Kevin Drum and Bob Somerby are annoyed that journalists talk about the strong performance of Finland’s school system but don’t mention its highly efficient health care system. Specifically, the US spends $7,285 per year to Finland’s $2,900:
Finland’s test scores let a bunch of know-nothing journos push a preferred press corps narrative: Our public schools are a mess! (Maybe we need to privatize! It’s all the fault of the unions!) Finland faces none of the daunting educational challenges we face, of course. But so what! All pundits on deck!
By way of contrast, the press corps’ deference to corporate interests seems to make it shy from the topic of health care spending. Does Finland achieve good health care at a very low price? This topic can’t be discussed!
I dunno, when I went to Finland to learn about their school system I came away writing, among other things, about their highly cost-effective health care system and their health-enhancing school lunch initiatives. To be honest, in my experience something like 97% of commentary on Finnish education involves taking note of their generous and effective Nordic welfare state, so I feel like Drum and Somerby are mostly being cranky here.
But rather than counter-crank, let’s ask the question why is it that Finland is able to keep its health care spending so low? As best I can tell, it’s all pretty standard stuff. One huge factor is that their doctors make way less money $3,177 per month to $8,189 per month in the United States. They have pharmaceutical price controls. And according to a Harvard Business School analysis (PDF) “Within the municipal health care system, patients have had very limited freedom to choose their health care providers or physicians.” Specifically “There is great variability across municipalities in terms of patients’ ability to choose their primary care physicians” and for specialists:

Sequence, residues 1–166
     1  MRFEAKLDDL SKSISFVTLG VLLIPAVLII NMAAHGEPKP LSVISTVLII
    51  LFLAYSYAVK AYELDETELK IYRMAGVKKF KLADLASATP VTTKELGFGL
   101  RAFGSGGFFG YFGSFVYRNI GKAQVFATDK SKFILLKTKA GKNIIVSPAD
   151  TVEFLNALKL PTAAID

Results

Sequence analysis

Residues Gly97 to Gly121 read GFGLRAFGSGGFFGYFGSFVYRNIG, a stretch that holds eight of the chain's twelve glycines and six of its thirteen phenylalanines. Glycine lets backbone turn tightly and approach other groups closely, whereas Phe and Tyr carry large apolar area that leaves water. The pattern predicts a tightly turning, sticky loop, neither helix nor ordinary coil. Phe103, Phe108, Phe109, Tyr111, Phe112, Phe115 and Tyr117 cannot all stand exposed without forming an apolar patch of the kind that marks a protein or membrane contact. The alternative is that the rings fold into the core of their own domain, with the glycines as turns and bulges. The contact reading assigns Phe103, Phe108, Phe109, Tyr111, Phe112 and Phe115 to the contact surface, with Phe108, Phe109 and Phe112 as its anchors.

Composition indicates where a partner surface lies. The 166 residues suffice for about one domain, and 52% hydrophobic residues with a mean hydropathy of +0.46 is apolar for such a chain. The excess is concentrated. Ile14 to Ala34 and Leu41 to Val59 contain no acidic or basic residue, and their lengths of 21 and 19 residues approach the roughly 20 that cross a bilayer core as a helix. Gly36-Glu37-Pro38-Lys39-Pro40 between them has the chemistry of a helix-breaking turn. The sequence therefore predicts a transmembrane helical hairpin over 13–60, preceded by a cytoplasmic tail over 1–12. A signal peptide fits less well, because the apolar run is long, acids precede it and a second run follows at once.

A referral from a licensed physician is needed to access municipal specialized care (i.e. hospitals), and patients cannot usually choose their hospital or specialists. Instead, health centres have guidelines listing the providers to which patients with certain symptoms and diagnoses should be referred. Normally, patients are treated in a hospital within their hospital district of residence, and their freedom to choose their physicians within the hospital depends on factors including the organization of departments and the number of specialists.
This all seems to me to work well-enough. At a minium, it’s cheap! But who here thinks that running on a platform of drastic cuts in medical professionals’ salaries combined with restricted provider choice and large-scale government rationing is going to be a big winner? There’s more than “corporate interests” at issue here. Among other things, as long as doctors are about a million times more trusted by the population than are politicians, it’s going to be extremely difficult for politicians to ever enact measures that reduce doctors’ incomes. But it’s extremely difficult to imagine how a more efficient health care system could avoid reducing doctors’ incomes.